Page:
You’ll complete a form before your safari. Make sure to list all your food allergies or needs, like vegan, vegetarian, etc. All the food is cooked on the truck by your staff and I found they did a fabulous job of keeping food separate for those of us that needed it and erred on the side of over-cautious. Not one person got sick during the three weeks I traveled with them.
6. Heed The Sun
African sunshine is really hot and bright. Make sure you have a really good, wide-brimmed hat, and sunblock. Note that during game drives, your hat will blow around, so investing in one with a cord that goes around your neck is a great idea.
On safari in Botswana where the hot sun can be a major issue.
7. WiFi Is An Infrequent Luxury
If you think you’re taking a working vacation, think again. This is Africa, not America. You might find WiFi at some of your lodges, but even then it may only work at the reception area, especially if you’re camping. And, if more than two of you use that WiFi at the same time, it’s even worse than dial-up. Cell reception, even with a local SIM card, works well in cities, and not so well anyplace else. It’s best to presume you won’t be able to check emails and social media regularly and plan to actually be present to your safari experience.
8. Pack Light and Use Duffel Bags Instead of Wheeled Ones
‘The safari trucks have cubby holes in the back for your luggage. They’re a specific size. Structured bags with wheels bigger than carry-on size won’t fit, and there’s no other place for them. You’ll be warned that if you bring a bag that doesn’t fit, it’ll be left behind. It’s better to use soft duffel bags instead, which can be smushed into the allotted space. Another thing to consider is that you’ll only stay in a place one night, most of the time. Each night, you have to take any luggage you need off the truck and over to your room, which can be a bit of a walk. Then you have to bring it back to the truck in the morning. If you have a lock, you can lock your cubby hole at night, and use a smaller bag filled with necessities instead. I found this saved me a lot of annoying luggage hikes.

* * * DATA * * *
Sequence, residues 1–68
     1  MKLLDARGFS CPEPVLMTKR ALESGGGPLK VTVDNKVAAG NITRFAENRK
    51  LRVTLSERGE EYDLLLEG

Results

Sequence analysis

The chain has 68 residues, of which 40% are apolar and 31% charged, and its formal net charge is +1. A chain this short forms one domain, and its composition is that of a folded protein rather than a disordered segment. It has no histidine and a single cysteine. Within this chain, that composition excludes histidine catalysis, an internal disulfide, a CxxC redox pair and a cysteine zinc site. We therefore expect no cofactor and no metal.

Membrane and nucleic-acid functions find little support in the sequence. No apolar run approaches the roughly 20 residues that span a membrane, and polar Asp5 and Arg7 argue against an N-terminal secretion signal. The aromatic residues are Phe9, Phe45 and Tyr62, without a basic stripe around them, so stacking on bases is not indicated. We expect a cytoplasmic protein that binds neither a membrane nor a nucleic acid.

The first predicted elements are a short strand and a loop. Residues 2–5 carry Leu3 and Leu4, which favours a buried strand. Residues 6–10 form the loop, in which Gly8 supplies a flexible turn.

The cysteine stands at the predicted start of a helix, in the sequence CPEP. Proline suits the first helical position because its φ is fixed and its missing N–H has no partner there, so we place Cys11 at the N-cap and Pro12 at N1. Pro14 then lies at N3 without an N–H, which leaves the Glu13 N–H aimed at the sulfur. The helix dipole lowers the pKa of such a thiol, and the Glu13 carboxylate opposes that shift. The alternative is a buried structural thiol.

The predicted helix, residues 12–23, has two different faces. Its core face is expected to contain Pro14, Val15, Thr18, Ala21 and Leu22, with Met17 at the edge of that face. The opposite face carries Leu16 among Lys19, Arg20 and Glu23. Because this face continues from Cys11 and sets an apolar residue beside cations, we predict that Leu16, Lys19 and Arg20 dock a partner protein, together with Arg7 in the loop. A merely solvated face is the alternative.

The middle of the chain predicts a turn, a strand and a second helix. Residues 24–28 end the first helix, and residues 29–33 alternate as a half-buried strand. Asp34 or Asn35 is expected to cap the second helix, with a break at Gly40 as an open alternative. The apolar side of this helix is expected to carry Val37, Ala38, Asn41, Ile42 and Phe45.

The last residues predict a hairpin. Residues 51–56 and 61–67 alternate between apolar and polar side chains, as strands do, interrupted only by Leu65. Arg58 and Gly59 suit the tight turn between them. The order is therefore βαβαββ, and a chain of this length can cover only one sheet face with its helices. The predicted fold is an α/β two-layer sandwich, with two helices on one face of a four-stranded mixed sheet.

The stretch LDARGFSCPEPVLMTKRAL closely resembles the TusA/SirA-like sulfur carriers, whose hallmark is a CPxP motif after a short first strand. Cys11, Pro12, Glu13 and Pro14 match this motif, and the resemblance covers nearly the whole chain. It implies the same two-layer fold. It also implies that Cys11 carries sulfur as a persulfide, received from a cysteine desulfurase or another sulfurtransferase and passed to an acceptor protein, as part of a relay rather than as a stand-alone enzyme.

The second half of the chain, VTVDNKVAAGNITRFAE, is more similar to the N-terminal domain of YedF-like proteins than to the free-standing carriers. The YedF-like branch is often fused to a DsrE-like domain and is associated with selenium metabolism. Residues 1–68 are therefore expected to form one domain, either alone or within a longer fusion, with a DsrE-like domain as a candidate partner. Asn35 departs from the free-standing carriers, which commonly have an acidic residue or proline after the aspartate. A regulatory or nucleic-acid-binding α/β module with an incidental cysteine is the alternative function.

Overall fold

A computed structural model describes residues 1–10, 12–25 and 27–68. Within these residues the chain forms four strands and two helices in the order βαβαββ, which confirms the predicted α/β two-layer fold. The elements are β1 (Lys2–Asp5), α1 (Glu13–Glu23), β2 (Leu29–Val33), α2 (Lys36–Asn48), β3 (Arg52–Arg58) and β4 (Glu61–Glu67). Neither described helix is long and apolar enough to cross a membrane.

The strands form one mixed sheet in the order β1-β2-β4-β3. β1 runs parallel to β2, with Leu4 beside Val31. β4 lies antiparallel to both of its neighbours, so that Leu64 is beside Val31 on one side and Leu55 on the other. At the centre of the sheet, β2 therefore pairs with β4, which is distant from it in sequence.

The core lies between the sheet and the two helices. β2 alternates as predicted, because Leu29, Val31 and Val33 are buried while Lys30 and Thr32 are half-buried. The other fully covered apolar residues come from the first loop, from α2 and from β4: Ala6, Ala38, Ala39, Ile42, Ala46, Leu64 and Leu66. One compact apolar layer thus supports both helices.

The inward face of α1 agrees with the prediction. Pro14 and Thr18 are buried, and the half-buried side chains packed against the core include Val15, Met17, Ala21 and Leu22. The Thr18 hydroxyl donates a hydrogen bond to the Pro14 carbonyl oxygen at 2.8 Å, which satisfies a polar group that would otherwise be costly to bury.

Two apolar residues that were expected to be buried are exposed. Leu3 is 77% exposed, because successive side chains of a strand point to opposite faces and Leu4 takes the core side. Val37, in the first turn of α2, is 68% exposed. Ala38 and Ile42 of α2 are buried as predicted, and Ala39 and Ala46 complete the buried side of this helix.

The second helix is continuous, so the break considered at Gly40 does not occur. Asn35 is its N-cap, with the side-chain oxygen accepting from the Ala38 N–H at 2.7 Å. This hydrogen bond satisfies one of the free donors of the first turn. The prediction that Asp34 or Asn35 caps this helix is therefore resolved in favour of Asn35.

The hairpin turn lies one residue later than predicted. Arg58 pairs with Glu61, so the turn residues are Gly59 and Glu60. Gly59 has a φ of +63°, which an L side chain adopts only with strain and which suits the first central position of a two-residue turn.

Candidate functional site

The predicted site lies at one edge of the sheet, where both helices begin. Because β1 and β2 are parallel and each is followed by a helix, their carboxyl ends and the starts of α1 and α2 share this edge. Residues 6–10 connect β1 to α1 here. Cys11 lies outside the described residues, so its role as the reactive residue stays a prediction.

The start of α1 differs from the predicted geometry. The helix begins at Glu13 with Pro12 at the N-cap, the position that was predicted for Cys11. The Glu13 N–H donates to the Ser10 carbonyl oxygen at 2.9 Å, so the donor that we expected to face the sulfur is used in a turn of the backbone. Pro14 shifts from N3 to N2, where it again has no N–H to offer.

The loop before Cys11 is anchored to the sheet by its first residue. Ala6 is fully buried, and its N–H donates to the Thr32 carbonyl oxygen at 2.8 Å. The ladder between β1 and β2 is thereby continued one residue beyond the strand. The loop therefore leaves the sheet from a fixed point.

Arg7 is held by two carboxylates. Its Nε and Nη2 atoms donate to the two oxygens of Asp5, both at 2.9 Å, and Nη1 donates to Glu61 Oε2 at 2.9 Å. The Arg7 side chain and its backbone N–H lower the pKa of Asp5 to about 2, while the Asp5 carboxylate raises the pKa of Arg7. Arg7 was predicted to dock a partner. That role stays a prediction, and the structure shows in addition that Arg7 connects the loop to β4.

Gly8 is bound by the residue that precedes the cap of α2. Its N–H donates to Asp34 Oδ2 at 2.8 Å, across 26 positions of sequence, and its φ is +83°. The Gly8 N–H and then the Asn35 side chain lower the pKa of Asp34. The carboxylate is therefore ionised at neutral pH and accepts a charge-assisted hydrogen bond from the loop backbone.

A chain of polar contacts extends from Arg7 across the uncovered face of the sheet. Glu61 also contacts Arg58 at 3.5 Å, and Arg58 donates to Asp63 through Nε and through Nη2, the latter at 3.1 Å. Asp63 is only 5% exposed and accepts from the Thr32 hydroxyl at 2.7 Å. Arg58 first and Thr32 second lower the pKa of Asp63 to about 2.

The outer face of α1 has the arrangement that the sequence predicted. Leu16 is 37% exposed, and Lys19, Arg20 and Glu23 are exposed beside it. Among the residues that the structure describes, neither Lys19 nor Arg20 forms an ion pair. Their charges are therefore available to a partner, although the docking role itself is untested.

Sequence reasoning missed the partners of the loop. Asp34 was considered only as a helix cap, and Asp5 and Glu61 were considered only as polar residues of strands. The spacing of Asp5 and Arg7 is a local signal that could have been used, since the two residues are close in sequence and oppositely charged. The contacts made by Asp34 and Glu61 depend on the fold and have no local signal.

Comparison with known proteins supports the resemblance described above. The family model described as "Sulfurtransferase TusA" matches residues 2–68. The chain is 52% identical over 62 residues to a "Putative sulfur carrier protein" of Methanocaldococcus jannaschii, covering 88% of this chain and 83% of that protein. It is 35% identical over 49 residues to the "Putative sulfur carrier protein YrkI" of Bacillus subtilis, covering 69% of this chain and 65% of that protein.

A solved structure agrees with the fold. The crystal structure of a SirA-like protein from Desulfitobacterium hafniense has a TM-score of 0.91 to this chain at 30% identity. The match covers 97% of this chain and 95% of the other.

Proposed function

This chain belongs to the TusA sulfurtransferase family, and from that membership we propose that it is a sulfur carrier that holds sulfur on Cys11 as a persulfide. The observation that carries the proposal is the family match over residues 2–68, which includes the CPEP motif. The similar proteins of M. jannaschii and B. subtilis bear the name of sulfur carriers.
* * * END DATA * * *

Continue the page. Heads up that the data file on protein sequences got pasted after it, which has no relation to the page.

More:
Male kudu at Chobe National Park. Copyright 2020, Heather Markel.
9. Expect to Spend a Lot on Tips
Set aside a budget for tipping. Every excursion / activity you do will have a different tour guide, and each one of them will expect a tip. Your safari guides will remind you every day that a tip is appreciated. Even though it’s not mandatory, you’ll feel like it is. Also, expect to give each of your safari staff members a tip. Roughly $3, per person, per day is what was recommended. That can add up on a longer safari.
10. Try to Get Along
Hopefully you have a great group of people that all gets along, for the entire time. My safari was three weeks long. One week in, we added more people, and two weeks in, some of them went home. Days are long, bodies get cramped, and your group is likely to have people of different ages and from different countries. So, it’s very likely that there will be personality conflicts on longer safaris. I found it best to spend the most time and effort with people that I got along great with, and as little time around those I didn’t. Figuring out your own way to have a peaceful experience is essential.
Posing for a group photo.
11. Forgive Yourself For Taking It For Granted
One thing I found absolutely crazy and unbelievable was getting bored with animals. The first time we saw an Oryx, wow, it blew my mind! They are so beautiful. The truck stopped, we took photos, we gazed in awe! Pretty soon, though, we’d pass by plains of land filled with them and say, “Oh, it’s just another Oryx.” Unbelievably, the same thing happened with giraffes and elephants. I mean, how is it possible that we could take seeing a wild elephant or giraffe by the side of our truck for granted?!! Personally, I never got tired of seeing them getting shade or eating leaves by the side of the roads, especially as we drove through Botswana. However, I never got tired of seeing them right at the side of the road in places like Botswana. It’s strange to me that we can spend so much time dreaming about an animal safari, and then find that it’s not worth pulling over to photograph them after the 5th or 6th one.